c) Different religions create different path dependencies for rationalizing the strong motivating pictures. As an example, a lot of strong pictures and intuitions of the Christian and Buddhist religions became a source of inspirations for science, political theory, and social theory. They were translated into a language that extended beyond the members of the religion itself. The biblical picture that man has been created in the image of God as well as the strong role of this picture to move human rights forward had a strong influence.

It is interesting to see that rationality based on the attempts to rationalize pictures and language from the Jewish-Christian tradition has underpinned different scientific traditions. The Buddhist tradition got rationalized in a very different direction than the Christian tradition, as we can see especially in differing conceptions of time.

3. It is quite obvious that my arguments brought forward so far will not be acceptable to many religious actors. They might say, “A functional definition of religion is interesting, but is this all we can say about religion?” No, it is not.

It is very little what science can say about love. But as an old religious song says, “ubi caritas et amor, deus ibi est.” Strongly connected with this— and including the ecological co-world—is the metaphor of “organic oneness,” which can be understood as a primary meme or archetypical concept of his perspective. So god might also be a metaphor that the whole is more than sum of parts. Yes, we know this from quantum physics. But how many people are motivated by this knowledge? If religious spirituality allows us to experience this interconnectedness, this can motivate us, as do other similar resonant experiences, like those in nature.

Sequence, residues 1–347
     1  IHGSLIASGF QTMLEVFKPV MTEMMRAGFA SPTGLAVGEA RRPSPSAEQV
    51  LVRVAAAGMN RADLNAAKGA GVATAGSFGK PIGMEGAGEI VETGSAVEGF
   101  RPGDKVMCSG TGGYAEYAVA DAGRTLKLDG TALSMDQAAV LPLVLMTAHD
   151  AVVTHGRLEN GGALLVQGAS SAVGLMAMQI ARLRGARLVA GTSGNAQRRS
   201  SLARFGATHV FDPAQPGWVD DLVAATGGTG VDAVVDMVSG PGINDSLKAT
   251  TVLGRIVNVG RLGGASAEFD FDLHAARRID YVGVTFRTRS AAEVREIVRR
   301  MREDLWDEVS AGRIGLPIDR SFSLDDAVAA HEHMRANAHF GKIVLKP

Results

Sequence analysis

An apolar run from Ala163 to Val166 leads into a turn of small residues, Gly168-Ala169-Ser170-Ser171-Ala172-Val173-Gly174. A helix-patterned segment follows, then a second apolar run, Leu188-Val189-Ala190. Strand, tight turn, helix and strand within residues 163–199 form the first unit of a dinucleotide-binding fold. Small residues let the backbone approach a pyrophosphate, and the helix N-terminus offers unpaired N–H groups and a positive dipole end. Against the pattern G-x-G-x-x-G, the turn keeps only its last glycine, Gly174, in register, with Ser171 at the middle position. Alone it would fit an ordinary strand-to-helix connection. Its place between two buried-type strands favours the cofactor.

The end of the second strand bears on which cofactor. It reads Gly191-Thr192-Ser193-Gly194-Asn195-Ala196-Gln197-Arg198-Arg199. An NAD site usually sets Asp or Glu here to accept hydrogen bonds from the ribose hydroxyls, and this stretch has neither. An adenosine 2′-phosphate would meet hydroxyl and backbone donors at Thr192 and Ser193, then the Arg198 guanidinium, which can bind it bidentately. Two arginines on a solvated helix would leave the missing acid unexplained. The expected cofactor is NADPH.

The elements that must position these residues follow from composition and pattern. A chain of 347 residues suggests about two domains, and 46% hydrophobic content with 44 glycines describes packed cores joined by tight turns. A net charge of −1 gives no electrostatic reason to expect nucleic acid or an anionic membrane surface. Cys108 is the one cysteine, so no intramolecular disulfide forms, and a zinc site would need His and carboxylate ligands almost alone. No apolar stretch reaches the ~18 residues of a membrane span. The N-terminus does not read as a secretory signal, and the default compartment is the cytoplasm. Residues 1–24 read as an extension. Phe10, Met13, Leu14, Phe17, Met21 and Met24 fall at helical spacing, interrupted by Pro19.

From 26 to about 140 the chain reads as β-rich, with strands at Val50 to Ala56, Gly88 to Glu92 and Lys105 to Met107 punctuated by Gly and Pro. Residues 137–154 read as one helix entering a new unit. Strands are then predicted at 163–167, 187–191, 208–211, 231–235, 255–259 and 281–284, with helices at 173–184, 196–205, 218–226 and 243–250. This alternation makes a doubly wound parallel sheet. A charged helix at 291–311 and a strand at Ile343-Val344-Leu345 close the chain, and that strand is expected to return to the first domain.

To clarify, I am not speaking about a supernatural force. But I strongly believe that we need strong cooperation to move the Great Transition forward. Religion can be a problem; it can also be a partner. In both cases, we have to deal with it. It will not disappear.


Christoph Bals
Christoph Bals is the Executive Director of Policy at the NGO Gemanwatch. He was among the initiators of European Business Council for Sustainable Energy and has served on the board of the Foundation for Sustainability since 1998. He has been one of the three NGO-representatives in the German government's working group on emission trading (AGE) since 1998, and he is a member of the advisory group of most ambitious German green investment index (NAI).



Cite as Christoph Bals, "Commentary on 'Meaning, Religion and a Great Transition,'" Great Transition Initiative (December 2014), http://www.greattransition.org/commentary/christoph-bals-meaning-religion-and-a-great-transition-michael-karlberg.